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5 Alternative Ways to Say “Thank You in Advance”

Updated on December 28, 2020Writing Tips

You just got an email from Lauren in accounting asking you to bring three dozen of your famous cupcakes for Dave the office manager’s retirement party. Which, by the way, is tomorrow. Lauren signed her email:

Thank you in advance,


Your reaction to that sign-off will probably depend on the tone and content of Laruen’s email. If she politely apologized for the short notice and begged you to please consider whipping up what has become an office favorite (because, really, who doesn’t like cupcakes?), you might get busy baking after work. If she was demanding and unapologetic . . . not so much.

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“Thanks in advance” is a rather loaded sign-off. On one hand, a study by the email app Boomerang ranked it as the sign-off most likely to get a response. (Other forms of “thank you” also ranked at the top.) Clearly, gratitude is a solid way to end an email if you want to hear back from the recipient.

On the other hand, “Thank you in advance” can come across as presumptuous and even passive-aggressive. Depending on the context, it could make Lauren sound as though she’s saying, “I expect you to do this.”

Alternatives to “thank you in advance”

If you want to steer clear of the potential misunderstandings this popular sign-off might create, here are a few options to try.

1 “Thanks”

There’s nothing wrong with a plain ol’ “thanks.” Taking “in advance” out of your expression of gratefulness removes the tone of expectancy and takes some pressure off the receiver. It’s a little vague, though, so if there’s any chance your recipient might find herself asking Thanks for what?, it’s better to . . .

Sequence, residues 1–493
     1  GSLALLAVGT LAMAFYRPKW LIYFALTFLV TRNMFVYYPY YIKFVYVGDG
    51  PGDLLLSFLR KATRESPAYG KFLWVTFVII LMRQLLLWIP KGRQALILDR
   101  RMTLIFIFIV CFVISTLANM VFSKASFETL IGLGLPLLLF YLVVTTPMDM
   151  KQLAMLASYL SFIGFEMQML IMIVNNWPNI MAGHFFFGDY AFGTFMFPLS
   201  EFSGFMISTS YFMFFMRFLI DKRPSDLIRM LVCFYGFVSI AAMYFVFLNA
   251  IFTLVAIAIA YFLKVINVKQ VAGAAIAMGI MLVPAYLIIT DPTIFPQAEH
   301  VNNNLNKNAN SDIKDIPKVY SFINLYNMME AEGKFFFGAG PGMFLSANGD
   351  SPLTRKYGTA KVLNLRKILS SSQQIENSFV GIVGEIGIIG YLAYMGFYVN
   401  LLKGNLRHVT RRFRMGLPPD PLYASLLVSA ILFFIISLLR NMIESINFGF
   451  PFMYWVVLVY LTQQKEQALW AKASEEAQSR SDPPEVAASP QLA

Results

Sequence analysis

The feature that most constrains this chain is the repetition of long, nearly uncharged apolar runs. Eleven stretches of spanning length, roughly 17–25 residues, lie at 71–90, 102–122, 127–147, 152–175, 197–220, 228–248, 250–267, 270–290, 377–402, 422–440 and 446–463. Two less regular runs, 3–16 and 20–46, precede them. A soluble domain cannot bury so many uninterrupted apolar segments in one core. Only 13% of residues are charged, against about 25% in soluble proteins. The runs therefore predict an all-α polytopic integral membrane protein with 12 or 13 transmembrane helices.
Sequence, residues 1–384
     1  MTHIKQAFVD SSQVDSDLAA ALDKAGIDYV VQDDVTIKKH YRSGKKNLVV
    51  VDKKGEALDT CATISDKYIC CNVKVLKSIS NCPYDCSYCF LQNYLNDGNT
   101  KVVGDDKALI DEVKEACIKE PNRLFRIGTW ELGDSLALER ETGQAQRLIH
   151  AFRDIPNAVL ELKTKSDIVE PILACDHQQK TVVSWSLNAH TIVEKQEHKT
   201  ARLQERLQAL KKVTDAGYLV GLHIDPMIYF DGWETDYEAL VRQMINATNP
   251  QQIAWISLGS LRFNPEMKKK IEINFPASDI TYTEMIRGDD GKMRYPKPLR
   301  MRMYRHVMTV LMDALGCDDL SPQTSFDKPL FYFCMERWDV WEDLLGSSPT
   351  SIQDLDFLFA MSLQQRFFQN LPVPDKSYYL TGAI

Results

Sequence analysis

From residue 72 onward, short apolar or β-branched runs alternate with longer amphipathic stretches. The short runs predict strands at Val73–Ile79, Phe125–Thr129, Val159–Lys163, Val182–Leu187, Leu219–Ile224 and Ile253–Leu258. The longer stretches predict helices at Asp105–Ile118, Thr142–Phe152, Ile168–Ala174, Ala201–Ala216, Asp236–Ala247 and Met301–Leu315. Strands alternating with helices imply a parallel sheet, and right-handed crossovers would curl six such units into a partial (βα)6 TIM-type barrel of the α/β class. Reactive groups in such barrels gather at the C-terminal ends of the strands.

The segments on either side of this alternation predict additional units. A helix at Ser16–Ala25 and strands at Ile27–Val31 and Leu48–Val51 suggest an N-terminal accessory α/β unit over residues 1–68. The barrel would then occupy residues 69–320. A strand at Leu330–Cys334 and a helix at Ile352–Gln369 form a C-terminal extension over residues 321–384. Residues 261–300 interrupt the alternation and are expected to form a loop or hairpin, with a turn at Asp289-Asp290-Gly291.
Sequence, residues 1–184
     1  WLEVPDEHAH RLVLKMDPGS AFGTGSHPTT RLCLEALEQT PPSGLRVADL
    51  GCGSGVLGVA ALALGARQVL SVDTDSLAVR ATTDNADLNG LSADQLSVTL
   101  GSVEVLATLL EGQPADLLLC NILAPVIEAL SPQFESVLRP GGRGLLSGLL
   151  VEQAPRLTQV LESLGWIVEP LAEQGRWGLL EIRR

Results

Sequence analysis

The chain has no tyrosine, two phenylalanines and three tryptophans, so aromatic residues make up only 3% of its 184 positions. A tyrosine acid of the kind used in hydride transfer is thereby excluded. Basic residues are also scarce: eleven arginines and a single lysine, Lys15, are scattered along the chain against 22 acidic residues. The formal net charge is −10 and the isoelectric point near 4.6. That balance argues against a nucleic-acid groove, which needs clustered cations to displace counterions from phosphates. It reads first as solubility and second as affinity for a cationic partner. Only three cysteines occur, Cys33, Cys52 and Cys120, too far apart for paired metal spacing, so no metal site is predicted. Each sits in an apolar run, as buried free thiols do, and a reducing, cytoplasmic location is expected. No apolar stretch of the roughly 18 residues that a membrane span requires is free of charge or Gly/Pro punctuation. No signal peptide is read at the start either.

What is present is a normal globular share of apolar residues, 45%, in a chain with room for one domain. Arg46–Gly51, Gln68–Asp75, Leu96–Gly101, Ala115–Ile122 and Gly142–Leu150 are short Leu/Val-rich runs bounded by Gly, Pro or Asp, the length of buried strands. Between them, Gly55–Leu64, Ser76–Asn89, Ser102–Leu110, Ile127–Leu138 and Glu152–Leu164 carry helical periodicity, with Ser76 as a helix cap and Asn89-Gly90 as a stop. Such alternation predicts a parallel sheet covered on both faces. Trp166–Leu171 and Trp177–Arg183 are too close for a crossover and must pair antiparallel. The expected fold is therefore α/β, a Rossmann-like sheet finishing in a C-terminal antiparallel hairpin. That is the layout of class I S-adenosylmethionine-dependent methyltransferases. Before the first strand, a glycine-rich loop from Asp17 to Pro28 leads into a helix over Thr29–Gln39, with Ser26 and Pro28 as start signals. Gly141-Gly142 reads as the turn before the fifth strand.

2 Use a call to action

If you want your email to get a response, ask your recipient to do something after he finishes reading it. Let’s use Lauren’s cupcake request as an example. After explaining what she hopes you’ll do, she might finish with a call to action (CTA) in the form of a question.

I know this is really short notice—I clearly wasn’t planning ahead! Do you think you’d have time to make us some of your awesome treats?


“Thanks in advance” can put the recipient in the awkward position of having to say no after you implied that you expected a yes. Using a CTA, however, gives the recipient options rather than expectations. That makes it both polite and effective. Here, Lauren asked a direct question. She included a little mea culpa, and she didn’t make assumptions. How nice of her!

3 I appreciate your help with ______.

This sign-off works best if someone has already lent you a hand. Or you can use it if you’re asking for assistance and you’re pretty sure the recipient is going to say yes because you’ve had an ongoing dialogue or your working relationship is already cooperative.

4 Thanks for considering my request.

This sign-off can work well because it doesn’t presume that the recipient will do anything more than give some thought to what you asked them to do. Pro tip: It’s best to use this type of sign-off in conjunction with a CTA. Otherwise, all the recipient may do is consider your request . . . without ever getting back to you.

5 Thanks for your attention. I’m looking forward to your reply.

This one is more businesslike and direct. If you do indeed expect a reply, it conveys a tone that’s firm and insistent. This one’s probably best used by managers communicating with people they supervise. When used by colleagues on the same tier, it could come across as bossy.

Email example of an alternative to “thank you in advance”

“Thank you in advance” can be useful when you know the recipient is going to do what you’re asking of them, and you want to express gratitude up front. But more often, it’s likely to be misconstrued as demanding, even if you don’t mean it to be.

Your best bet is to explain what you’re hoping the recipient will do, include a CTA, and offer a quick thanks. Using that format, Lauren’s cupcake request might look like this:

Hi Joe,

Dave, our office manager, retires tomorrow. I’ve been busy planning his send-off party. I noticed you RSVP’d to the invite—thanks!

This morning, someone asked me whether you’d be bringing your famous cupcakes, and it dawned on me that I completely forgot to ask you about them. We’d need about three dozen for the party.

I know this is really short notice—I clearly wasn’t planning ahead! Do you think you’d have time to make us some of your awesome treats?


Because Lauren was polite and played her cards right, there’s a good chance of cupcakes at the party tomorrow. Huzzah!

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